I see soil as the living skin of the earths, it is what produces life and what keeps CO2 in balance, vital soils hold more than 100 tonnes of living organisms per hectare…just think, living organisms are plant available nutrients, living organisms feed plants, living organisms are responsible for the soils ability to accept and hold water, living organisms protect productive plants (and much much more).
    How is this done?? ‘Simple’, we make vital ‘aerobic thermal compost’ that is at least 50% living organisms, if we have enough compost we can spread 5 tonnes or more per hectare over our soils to reinvigorate soil life and replace lost organisms that preform all these functions. If we don’t have enough compost, we make a vital soil inoculant (commonly know as AACT (actively aerated compost tea) and apply this solution to the soils.
    How we do this is to take a few kgs of vital compost and wash the microbes off the compost and into the solution using a ‘compost tea brewer’, we then add ‘microbe foods’ and over a 24 hr period we grow ‘hundreds of thousands’ into ‘thousands of millions’ of a great diversity of microbes and apply the solution to our soils to revitalize our soils and replace the lost diversity of beneficial organisms. for more information, see and
    we can turn this around…if not now, then when? and if not us, then who?


  4. I found this article very helpful too, thanks.

    “So the salting of the land through broad-acre fertilization ensures that the biology is completely dead.”

    How absolute is that? Surely it vary from land to land and over time?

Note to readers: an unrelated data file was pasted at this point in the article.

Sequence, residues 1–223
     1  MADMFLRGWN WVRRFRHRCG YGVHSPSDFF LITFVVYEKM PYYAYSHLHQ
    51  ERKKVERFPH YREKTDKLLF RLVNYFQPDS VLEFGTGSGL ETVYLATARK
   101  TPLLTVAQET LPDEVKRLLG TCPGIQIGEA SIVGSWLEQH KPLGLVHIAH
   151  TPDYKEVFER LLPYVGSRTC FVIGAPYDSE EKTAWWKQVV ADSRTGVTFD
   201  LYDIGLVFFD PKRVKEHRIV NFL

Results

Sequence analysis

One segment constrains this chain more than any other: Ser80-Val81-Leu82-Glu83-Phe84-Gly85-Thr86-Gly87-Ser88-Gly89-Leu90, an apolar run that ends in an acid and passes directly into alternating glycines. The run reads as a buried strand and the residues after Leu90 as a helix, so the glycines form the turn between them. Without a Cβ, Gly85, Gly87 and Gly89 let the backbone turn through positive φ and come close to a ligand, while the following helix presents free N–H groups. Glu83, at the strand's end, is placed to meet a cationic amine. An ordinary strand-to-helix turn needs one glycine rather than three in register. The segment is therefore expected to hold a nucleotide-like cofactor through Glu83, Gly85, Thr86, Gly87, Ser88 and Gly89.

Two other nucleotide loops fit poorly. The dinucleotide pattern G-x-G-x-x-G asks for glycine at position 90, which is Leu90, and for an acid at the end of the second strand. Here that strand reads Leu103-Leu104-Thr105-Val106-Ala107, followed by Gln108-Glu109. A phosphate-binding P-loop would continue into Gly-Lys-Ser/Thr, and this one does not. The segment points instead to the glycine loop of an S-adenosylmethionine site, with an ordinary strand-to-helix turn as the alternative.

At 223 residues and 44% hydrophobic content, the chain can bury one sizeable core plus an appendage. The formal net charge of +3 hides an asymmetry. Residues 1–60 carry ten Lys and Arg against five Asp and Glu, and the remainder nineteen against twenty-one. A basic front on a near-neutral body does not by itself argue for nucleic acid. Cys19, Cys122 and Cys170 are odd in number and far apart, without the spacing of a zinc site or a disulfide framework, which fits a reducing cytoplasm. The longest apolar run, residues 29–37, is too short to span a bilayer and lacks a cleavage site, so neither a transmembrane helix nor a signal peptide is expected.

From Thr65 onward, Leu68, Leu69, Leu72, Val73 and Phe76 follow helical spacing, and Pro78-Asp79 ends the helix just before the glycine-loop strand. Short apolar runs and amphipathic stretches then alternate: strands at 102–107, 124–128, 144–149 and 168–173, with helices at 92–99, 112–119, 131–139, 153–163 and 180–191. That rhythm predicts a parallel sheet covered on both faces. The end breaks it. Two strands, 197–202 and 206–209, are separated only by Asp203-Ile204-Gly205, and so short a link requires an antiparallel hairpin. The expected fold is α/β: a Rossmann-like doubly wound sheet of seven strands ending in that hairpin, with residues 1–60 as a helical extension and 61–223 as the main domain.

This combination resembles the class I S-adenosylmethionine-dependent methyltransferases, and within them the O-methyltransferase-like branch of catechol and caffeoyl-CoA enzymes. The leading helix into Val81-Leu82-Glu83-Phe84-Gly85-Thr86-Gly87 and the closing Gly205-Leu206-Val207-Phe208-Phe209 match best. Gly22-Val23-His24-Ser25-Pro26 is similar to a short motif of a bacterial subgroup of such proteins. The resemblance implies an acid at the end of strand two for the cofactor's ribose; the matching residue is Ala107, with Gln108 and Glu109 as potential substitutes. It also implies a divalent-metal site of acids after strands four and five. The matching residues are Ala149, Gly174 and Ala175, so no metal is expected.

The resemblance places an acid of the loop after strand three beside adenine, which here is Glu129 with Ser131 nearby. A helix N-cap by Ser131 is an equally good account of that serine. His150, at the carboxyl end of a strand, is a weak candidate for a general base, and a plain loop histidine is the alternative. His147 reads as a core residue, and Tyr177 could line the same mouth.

5. J Bob

    I think that it is important to scrutinize those studies before you draw any conclusions from them. A silver bullet like aerated compost tea without changing the practice of farming will have little to no effect on the system. It is important that any application of these sorts of technologies are driven with design.


  6. I just don’t see why some get so excited about compost tea. I would tend to think that most soil already has hundreds or thousands of species present and that by improving physical (e.g., aeration, temperature moderation)and chemical (e.g., no more fungicides, more OM, more needed nutrients) parameters the micro-herd will adjust species ratios and populations all on their own.

  7. Hi JBob

    Full disclosure: First off I have studied with Dr. Elaine Ingham and became a Certified Soil Foodweb Advisor. I have clients that I do Soil Foodweb Lab testing with, and I either make (or teach them to make) Actively Aerated Compost Teas and highly biological custom composts for their specific soil and plant groupings. I found out about Dr. Ingham and the Soil Foodweb from some Biologists while attending one of Geoff Lawton’s PDCs. I was intrigued by what I heard, and so went to Oregon to learn directly from Dr. Ingham. But it wasn’t until I returned to Mexico and ran my own compost tea control trials over the course of a year (see that I began to think that biological teas (when made correctly) could be a very valuable wrench in my regenerative ag toolbox. From a commercial practical perspective, my experience and that of the Soil Foodweb Labs around world show some dramatic results. There are many variables when making and using compost teas (I think more than compost) and showing repeatability and extract-ability between/among fields and growing systems can be difficult. Not an excuse on the lack of peer reviewed journaled scientific testing, but I think the lack of quantitative published data on a number of permaculture techniques could also be used to ignore the qualitative results people are having “in the field.”